Eat everything. Be incredible.

I just spent nigh on two hours researching an interview with Sir Ferrers Vyvyan, owner of the magnificent Trelowarren Estate in Cornwall.

Time well spent.

Yet in 2010 I spent on average two minutes researching blog posts.

Proof that I didn’t really care.

Do you?

I read a stunning post on ProBlogger over the weekend (7 Good Things That Blogging Brings by Arsene Hodali of The Good Life? | dancePROOF) that made me realise that my efforts to plan more, to research more, were clearly not in vain.

I don’t believe that a second of your time is wasted when you’re experiencing stuff you want to share. We all have superficial thinkings and as a catalyst for action, they’re worthwhile. But when you’re looking to spur others into action, you need to go deeper.

Take my research for the Sir Ferrers interview. I know already that he’s a great guy: I watched the video of Sir Ferrers Vyvyan here and I instantly warmed to he and his vision. Anyone can inherit – few can use that luxury as an opportunity to amplify their own morals and values to benefit humanity and large.

Someone so generous and giving of their resources and time – time that we only have in meagre reserve, let us not forget – is instantly worthy of your own commitment. And so two hours (more, in fact, since I researched this subject a few months earlier when changing circumstances meant we were unable to connect) is but a drop in the ocean.

Research and planning should form the cornerstone of everything we do. I know darn well of the philosophy writ large of those kick-ass entrepreneurs who say just do it and equally do I respect it. I used to preach at this altar myself – with wholly insignificant results (these words between parenthesis are not to offer a defence for my ineffectiveness as much as they are to safeguard the continuing achievements of those who practice this church of thought).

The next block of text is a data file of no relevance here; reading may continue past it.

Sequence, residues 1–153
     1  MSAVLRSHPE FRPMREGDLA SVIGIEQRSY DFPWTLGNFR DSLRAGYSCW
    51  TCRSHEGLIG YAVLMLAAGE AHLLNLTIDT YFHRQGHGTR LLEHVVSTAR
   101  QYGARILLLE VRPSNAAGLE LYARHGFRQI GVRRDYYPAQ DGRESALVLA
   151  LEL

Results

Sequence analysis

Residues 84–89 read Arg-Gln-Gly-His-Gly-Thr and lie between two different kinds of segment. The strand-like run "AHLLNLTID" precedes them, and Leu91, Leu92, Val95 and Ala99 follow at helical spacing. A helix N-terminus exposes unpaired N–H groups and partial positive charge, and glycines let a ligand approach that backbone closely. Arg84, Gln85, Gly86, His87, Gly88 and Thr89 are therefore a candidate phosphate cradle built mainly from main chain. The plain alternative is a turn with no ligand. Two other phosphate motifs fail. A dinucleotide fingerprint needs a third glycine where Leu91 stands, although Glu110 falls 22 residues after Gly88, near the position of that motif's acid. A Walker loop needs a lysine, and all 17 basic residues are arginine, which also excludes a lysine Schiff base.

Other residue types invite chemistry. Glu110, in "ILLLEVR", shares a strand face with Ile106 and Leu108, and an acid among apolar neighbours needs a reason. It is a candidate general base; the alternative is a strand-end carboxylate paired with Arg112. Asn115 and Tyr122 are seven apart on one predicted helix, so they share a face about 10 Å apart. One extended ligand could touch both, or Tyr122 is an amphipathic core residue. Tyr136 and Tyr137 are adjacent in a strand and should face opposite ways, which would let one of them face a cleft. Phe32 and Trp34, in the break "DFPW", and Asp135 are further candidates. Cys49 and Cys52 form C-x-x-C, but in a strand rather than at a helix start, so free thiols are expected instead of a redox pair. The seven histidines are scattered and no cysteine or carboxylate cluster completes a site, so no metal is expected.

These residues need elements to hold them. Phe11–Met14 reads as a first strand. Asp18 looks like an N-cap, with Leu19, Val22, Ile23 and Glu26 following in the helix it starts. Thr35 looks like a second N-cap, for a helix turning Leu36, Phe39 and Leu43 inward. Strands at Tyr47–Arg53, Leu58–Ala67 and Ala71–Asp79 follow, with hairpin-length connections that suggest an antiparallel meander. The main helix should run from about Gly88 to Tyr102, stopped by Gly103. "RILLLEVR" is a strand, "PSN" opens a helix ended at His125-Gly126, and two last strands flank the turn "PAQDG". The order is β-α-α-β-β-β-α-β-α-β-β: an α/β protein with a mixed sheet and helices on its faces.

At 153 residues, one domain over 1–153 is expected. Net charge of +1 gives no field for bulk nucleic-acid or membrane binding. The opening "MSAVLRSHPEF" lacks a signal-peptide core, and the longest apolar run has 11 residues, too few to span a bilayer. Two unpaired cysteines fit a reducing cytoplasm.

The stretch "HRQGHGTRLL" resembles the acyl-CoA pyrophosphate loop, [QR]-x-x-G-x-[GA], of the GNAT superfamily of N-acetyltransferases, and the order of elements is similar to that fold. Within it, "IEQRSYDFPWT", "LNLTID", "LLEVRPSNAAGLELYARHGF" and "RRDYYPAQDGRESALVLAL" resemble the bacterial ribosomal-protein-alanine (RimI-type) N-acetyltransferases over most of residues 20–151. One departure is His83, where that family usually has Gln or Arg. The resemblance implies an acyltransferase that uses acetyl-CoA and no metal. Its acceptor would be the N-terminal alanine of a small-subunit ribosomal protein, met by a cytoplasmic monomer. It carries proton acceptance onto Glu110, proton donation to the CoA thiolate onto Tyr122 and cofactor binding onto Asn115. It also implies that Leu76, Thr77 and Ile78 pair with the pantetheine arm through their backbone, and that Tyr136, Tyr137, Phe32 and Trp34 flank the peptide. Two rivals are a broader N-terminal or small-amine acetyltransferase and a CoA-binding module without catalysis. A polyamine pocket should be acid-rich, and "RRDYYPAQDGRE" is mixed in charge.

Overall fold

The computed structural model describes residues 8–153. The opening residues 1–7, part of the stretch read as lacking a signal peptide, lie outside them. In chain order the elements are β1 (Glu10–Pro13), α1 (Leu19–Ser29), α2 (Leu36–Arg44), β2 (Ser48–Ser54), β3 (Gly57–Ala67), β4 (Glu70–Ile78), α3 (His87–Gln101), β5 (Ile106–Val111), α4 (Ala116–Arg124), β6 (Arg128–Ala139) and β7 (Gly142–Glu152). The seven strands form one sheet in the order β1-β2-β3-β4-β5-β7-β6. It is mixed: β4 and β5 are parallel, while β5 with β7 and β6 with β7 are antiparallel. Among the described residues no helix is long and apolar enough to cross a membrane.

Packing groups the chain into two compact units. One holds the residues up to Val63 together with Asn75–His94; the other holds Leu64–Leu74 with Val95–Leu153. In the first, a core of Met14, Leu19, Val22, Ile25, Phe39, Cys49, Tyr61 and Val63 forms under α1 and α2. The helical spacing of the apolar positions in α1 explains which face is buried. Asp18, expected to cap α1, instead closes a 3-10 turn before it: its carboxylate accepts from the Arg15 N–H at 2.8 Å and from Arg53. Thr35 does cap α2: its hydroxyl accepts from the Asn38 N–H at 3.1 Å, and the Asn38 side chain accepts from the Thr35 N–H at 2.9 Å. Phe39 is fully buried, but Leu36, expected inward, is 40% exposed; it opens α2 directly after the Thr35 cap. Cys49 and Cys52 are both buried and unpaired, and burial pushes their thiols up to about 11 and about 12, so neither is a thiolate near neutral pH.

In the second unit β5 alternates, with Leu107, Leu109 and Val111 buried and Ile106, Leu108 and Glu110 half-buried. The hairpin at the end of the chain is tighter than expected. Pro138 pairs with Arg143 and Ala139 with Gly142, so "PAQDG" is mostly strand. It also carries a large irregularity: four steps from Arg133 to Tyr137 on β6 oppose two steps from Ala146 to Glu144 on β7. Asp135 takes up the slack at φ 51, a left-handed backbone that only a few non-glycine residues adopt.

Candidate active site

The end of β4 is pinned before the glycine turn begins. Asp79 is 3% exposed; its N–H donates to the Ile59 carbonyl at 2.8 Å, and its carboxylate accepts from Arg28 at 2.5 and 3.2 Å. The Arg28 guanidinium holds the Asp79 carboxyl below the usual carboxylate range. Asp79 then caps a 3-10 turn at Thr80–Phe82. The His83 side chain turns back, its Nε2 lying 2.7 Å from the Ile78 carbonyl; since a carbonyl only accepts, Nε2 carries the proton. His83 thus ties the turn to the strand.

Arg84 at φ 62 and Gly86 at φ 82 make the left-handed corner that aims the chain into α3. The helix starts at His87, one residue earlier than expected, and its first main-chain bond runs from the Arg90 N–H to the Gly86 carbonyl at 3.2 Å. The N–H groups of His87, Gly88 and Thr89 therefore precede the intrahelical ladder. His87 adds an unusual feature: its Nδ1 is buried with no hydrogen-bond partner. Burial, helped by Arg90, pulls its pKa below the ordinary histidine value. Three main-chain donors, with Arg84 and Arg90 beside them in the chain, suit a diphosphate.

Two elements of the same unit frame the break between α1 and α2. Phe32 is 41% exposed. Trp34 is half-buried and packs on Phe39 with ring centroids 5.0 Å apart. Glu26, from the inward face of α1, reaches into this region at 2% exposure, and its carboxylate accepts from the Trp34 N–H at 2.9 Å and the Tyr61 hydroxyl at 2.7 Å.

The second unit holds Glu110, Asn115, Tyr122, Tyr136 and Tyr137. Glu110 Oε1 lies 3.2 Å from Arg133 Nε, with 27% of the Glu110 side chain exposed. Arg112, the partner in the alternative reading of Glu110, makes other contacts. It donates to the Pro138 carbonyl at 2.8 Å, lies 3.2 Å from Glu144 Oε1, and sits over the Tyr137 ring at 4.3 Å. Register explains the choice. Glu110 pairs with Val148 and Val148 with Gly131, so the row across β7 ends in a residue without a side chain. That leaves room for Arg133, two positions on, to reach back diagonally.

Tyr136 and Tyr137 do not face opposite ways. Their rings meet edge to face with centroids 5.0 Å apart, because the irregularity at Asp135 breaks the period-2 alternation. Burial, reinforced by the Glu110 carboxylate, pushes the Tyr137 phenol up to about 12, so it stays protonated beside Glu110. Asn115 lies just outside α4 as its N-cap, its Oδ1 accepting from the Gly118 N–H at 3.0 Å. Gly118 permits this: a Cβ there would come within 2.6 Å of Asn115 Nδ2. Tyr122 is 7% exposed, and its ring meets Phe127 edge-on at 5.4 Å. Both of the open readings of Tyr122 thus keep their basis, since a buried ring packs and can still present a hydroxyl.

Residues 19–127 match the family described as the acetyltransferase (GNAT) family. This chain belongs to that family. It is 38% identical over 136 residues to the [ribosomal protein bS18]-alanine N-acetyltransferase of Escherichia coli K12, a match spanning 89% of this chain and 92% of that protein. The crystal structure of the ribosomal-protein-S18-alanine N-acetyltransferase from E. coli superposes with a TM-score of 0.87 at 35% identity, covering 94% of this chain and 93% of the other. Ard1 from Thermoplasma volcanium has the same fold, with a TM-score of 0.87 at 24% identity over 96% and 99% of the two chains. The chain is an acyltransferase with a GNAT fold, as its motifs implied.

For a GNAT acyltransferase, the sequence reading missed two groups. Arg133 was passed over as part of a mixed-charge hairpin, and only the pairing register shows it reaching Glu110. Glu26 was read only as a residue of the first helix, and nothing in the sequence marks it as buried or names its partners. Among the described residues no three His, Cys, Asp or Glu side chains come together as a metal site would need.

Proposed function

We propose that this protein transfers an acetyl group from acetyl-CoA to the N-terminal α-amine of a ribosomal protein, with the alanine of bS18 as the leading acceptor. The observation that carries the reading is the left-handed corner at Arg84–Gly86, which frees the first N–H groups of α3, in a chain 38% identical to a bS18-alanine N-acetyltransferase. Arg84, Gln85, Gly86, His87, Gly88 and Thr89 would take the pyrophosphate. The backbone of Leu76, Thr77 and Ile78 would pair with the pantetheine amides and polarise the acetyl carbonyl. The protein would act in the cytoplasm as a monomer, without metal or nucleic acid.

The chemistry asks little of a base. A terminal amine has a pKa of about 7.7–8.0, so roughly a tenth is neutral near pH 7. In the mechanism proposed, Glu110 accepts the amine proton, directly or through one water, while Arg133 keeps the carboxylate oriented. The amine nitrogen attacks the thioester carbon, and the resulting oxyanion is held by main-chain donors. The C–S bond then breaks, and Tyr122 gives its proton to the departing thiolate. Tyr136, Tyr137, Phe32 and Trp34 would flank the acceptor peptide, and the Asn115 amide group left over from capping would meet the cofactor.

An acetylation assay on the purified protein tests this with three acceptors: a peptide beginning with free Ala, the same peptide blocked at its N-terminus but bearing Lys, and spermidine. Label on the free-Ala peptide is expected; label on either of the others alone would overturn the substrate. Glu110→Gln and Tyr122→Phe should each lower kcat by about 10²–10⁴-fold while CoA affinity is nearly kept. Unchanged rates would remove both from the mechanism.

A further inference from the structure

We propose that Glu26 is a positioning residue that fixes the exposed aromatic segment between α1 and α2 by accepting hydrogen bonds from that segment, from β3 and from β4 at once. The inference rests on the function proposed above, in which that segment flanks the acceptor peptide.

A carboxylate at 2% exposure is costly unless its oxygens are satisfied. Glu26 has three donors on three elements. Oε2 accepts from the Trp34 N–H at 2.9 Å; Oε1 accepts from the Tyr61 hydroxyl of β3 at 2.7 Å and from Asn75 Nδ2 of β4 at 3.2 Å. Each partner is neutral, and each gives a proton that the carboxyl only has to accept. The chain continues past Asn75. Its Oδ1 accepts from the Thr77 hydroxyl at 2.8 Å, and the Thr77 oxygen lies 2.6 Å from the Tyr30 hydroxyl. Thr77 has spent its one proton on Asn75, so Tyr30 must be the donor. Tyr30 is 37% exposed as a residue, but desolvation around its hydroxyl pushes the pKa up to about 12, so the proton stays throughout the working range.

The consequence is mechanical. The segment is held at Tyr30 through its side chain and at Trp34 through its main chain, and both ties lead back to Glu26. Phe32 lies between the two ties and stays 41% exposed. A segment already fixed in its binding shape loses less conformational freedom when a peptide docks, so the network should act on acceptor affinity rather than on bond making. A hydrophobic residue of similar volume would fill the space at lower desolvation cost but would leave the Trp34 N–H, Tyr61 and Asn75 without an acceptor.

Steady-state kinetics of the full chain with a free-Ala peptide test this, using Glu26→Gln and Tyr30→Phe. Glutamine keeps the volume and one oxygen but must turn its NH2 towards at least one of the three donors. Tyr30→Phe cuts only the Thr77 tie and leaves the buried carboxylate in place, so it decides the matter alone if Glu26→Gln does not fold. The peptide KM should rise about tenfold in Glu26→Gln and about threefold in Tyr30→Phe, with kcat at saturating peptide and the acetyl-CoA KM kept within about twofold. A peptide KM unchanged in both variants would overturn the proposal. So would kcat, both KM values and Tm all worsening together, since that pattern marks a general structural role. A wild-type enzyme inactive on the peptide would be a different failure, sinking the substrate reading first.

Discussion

When I podcast, by and large the research is in my head. With bullet-pointed keywords and phrases to illuminate the path between the pushing of record and stop buttons. Sometimes it makes sense to elaborate on paper for the benefit of your co-host or guest. I’m charting journey B here so we can riff with the absolute comfort and confidence of the interviewee at heart.

In business, I should plan more. Word And Mouth is high on action and execution, and often we don’t get it perfectly right when it comes to a project plan. But what we do do, every time, is devote our absolute attention to the client who can be safe in the knowledge what they’re getting is strength in confidence and a driven attitude towards results-oriented practice.

And if there’s one thing we’ll do better today, this week, next month and onwards, it’s plan and research. In whatever setting or environment necessary.

Here’s a post by Chris Brogan that enumerates my thoughts far better than I have here.